|Publication number||US4523465 A|
|Application number||US 06/569,087|
|Publication date||Jun 18, 1985|
|Filing date||Jan 9, 1984|
|Priority date||Jan 9, 1984|
|Publication number||06569087, 569087, US 4523465 A, US 4523465A, US-A-4523465, US4523465 A, US4523465A|
|Inventors||George E. Fasching, Donald M. Evans, John H. Ernest|
|Original Assignee||The United States Of America As Represented By The United States Department Of Energy|
|Export Citation||BiBTeX, EndNote, RefMan|
|Patent Citations (7), Referenced by (28), Classifications (13), Legal Events (4)|
|External Links: USPTO, USPTO Assignment, Espacenet|
This invention relates generally to liquid level measuring devices and more specifically to liquid level indicating devices for use in oil, gas and water wells.
Present methods of electronic liquid level detection in a well employ a liquid sensor that is line connected electrically to an indicator at the surface of the wall. There are disadvantages in this type of level measuring equipment which include the requirement for special well head pressure control equipment because of the stranded single conductor cable, larger and more sophisticated reeling equipment due to the larger cable size and provision necessary for the conductor wire, and the added risk of an electrical short due to a line leak. Thus, there is a need for a simpler means for measuring the liquid level in a well that does not require an electrical link to the surface and that will operated in a pressurized well.
In view of the above need it is an object of this invention to provide a system for measuring the liquid level in a well which does not require an electrical link to the surface.
Another object of this invention is to provide a system for measuring the liquid level in a well which is simpler to deploy and operate in a pressurized well.
Other objects and many of the attendant advantages of the present invention will be obvious to those skilled in the art from the detailed description of a preferred embodiment of the invention taken in conjunction with the drawings.
In summary, the present invention relates to a wireless remote liquid level measuring device for measuring the liquid level in a well in which acoustic signals are used to communicate between a liquid level sensing probe that is lowered into the well by means of a footage calibrated wire line reel and an acoustic receiving system located at the well head. The sensing probe includes a sealed, cylindrical housing which is adapted at the lower end to sense contact with a liquid surface by means of a conductivity probe insulatably and sealably extending through the lower end of the housing into an open chamber formed by a downward extending wall portion of the housing. A conductivity sensitive circuit is provided within the sealed sensor housing which is triggered by the shunting effect of the liquid conductivity between the probe and the sensor housing. When triggered, the circuit generates electrical pulses which are applied to an acoustic signal transmitting device to generate a sharp, intense, acoustic signal which propagates up the well. An acoustic transducer located in the well casing at the well head is adapted to receive the acoustic signals and generates an electrical signal which is then amplified and filtered. The filtered signal is connected to an indicating device, such as a set of headphones, so that an operator can read the footage indicator from the footage calibrated cable reel at the onset of the acoustic signal which activates the indicating device. A meter or lamp indicator may be used instead of or to compliment the headphone indicator. To further improve the acoustic signal identification, the acoustic signal may be code modulated and the receiving system at the well head is equipped with a decoder after the filter to further enhance the acoustic signal-to-noise ratio.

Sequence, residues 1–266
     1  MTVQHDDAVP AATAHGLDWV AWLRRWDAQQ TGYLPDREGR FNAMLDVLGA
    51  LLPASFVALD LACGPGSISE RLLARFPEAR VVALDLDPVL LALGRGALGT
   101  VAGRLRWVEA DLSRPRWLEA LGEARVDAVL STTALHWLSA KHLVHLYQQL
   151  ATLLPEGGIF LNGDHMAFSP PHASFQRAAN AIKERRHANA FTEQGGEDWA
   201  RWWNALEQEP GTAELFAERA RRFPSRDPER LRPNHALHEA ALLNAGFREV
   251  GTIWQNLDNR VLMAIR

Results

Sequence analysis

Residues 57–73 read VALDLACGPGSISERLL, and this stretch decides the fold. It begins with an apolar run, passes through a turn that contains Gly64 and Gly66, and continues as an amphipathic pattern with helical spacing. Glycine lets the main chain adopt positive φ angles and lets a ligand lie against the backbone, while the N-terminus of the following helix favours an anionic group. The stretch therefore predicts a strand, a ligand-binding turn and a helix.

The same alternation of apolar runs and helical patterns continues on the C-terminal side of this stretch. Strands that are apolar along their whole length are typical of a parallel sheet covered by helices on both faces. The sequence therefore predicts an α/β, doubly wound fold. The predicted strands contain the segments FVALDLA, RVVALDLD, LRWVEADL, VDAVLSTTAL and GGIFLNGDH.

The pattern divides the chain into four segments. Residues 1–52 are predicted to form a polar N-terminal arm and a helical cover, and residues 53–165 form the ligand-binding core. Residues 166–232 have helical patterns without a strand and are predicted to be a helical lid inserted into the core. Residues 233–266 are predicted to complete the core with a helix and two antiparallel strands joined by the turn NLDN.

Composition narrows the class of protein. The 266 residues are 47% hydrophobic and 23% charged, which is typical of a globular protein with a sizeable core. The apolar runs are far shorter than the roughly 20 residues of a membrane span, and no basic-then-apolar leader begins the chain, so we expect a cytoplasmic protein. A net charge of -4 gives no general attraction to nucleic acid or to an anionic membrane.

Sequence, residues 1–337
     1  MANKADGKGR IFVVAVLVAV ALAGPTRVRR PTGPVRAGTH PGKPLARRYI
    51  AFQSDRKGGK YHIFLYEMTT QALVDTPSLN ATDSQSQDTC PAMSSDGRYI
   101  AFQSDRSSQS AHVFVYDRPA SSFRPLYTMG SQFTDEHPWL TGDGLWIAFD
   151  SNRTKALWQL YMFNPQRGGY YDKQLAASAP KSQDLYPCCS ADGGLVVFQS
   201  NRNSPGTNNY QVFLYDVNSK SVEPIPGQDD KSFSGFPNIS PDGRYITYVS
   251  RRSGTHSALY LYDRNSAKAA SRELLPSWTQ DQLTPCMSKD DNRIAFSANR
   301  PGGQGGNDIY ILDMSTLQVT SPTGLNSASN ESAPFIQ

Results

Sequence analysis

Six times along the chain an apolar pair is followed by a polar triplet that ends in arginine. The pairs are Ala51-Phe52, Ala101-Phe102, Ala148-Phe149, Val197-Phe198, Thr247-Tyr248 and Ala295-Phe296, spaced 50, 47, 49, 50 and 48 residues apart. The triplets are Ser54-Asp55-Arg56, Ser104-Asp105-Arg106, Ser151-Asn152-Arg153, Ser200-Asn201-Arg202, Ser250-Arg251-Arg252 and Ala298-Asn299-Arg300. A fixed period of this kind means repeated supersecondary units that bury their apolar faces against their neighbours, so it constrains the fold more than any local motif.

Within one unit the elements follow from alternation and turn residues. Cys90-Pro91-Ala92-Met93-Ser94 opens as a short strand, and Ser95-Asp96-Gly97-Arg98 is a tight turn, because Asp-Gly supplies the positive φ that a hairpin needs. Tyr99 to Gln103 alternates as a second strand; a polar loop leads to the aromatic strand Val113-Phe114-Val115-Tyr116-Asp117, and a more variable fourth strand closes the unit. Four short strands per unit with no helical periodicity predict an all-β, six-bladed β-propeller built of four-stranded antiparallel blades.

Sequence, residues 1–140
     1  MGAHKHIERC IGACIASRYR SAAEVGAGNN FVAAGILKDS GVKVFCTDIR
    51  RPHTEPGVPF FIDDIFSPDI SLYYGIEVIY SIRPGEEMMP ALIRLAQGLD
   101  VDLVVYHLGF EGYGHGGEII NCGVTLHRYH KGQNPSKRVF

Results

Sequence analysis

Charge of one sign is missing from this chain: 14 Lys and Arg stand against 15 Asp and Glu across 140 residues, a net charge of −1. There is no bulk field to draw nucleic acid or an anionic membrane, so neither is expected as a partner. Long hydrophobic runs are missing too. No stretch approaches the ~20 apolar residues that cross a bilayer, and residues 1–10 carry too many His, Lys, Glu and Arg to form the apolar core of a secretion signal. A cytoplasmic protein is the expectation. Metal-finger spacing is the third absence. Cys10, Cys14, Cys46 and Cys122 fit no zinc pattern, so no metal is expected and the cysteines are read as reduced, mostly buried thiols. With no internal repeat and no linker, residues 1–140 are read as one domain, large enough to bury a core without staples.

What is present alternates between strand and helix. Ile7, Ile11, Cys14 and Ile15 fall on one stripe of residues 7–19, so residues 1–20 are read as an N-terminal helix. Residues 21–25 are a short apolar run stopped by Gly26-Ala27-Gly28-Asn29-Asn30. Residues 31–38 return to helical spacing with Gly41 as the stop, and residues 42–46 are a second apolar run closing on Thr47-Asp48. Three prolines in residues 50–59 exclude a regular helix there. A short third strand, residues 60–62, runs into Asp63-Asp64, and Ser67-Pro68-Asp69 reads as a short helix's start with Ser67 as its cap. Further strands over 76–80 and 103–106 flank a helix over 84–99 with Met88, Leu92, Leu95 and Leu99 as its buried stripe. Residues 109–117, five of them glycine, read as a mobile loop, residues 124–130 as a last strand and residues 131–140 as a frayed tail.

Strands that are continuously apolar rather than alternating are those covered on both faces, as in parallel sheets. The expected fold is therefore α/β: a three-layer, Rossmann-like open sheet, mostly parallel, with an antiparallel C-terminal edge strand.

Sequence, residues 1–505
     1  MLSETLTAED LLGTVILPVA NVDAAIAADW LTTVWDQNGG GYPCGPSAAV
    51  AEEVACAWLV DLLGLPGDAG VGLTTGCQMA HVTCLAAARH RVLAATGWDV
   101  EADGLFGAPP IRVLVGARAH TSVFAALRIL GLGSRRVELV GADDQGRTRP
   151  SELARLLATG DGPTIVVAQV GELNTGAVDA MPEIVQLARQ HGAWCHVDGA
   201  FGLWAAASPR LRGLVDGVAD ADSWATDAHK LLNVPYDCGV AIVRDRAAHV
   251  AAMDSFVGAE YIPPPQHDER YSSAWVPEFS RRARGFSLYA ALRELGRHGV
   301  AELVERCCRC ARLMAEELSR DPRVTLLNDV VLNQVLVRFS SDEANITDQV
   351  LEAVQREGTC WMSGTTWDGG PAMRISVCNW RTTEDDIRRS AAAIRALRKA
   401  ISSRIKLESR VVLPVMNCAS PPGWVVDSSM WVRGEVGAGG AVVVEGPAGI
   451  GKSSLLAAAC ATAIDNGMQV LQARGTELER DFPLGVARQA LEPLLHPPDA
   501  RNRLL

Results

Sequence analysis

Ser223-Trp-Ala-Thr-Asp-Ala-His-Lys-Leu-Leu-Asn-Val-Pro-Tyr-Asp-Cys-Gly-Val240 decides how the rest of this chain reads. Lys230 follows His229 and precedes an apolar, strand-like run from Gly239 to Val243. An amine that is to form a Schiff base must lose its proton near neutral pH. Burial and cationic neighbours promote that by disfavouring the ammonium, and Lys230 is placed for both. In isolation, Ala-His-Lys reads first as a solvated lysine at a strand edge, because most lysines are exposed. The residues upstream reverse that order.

FIG. 1 is a schematic diagram of a wireless, remote liquid level measuring system for a well according to the present invention;
FIG. 2 is an elevational view of the liquid level sensor probe which is lowered into a well, partially broken away to show the various parts of the probe, and
FIG. 3 is a schematic circuit diagram of the conductivity sensitive, acoustic transmitter circuit located in the probe housing of FIG. 2.
Referring to FIG. 1, the preferred embodiment of the invention is shown in schematic form. A deep well shown generally as 5 consists of a casing 7 which may be of steel, plastic, or other known casing materials extending from a well head 9 located at the surface 11 to at least a liquid reservoir 13 located a considerable distance below the well head 9 whose liquid level is to be measured. The well may be a pressurized well, in which case the well head is formed of a conventional pressurized well head cap assembly 15.
A liquid level sensor and transmitter are provided within a cylindrical sensor housing 17 which is attached to a steel line 19 of a wire line reel assembly 21 located above the well head 9. The cable passes through a lubricated rubber seal 23 in the well head cap 15. A footage counter 25 is attached to the wire line reel assembly to indicate the depth of the sensor housing 17 and thus the liquid level when the sensor probe engages the surface of the liquid 13 to activate an indicator.